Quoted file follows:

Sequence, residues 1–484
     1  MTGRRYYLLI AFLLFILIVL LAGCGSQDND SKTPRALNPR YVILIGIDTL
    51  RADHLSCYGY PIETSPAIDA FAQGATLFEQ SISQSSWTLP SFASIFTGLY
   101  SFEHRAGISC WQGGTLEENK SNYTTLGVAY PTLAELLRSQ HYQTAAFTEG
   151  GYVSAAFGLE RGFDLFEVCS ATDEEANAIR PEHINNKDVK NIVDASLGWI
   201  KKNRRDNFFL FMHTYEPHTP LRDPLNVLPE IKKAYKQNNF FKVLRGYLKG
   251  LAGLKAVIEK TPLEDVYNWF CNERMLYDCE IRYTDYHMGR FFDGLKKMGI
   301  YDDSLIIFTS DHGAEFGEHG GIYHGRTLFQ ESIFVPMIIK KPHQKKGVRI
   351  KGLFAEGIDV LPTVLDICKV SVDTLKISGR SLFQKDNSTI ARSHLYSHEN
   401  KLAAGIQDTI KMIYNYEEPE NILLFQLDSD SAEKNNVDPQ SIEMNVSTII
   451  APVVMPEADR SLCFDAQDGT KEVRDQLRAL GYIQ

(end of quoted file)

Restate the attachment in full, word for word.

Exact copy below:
Sequence, residues 1–484
     1  MTGRRYYLLI AFLLFILIVL LAGCGSQDND SKTPRALNPR YVILIGIDTL
    51  RADHLSCYGY PIETSPAIDA FAQGATLFEQ SISQSSWTLP SFASIFTGLY
   101  SFEHRAGISC WQGGTLEENK SNYTTLGVAY PTLAELLRSQ HYQTAAFTEG
   151  GYVSAAFGLE RGFDLFEVCS ATDEEANAIR PEHINNKDVK NIVDASLGWI
   201  KKNRRDNFFL FMHTYEPHTP LRDPLNVLPE IKKAYKQNNF FKVLRGYLKG
   251  LAGLKAVIEK TPLEDVYNWF CNERMLYDCE IRYTDYHMGR FFDGLKKMGI
   301  YDDSLIIFTS DHGAEFGEHG GIYHGRTLFQ ESIFVPMIIK KPHQKKGVRI
   351  KGLFAEGIDV LPTVLDICKV SVDTLKISGR SLFQKDNSTI ARSHLYSHEN
   401  KLAAGIQDTI KMIYNYEEPE NILLFQLDSD SAEKNNVDPQ SIEMNVSTII
   451  APVVMPEADR SLCFDAQDGT KEVRDQLRAL GYIQ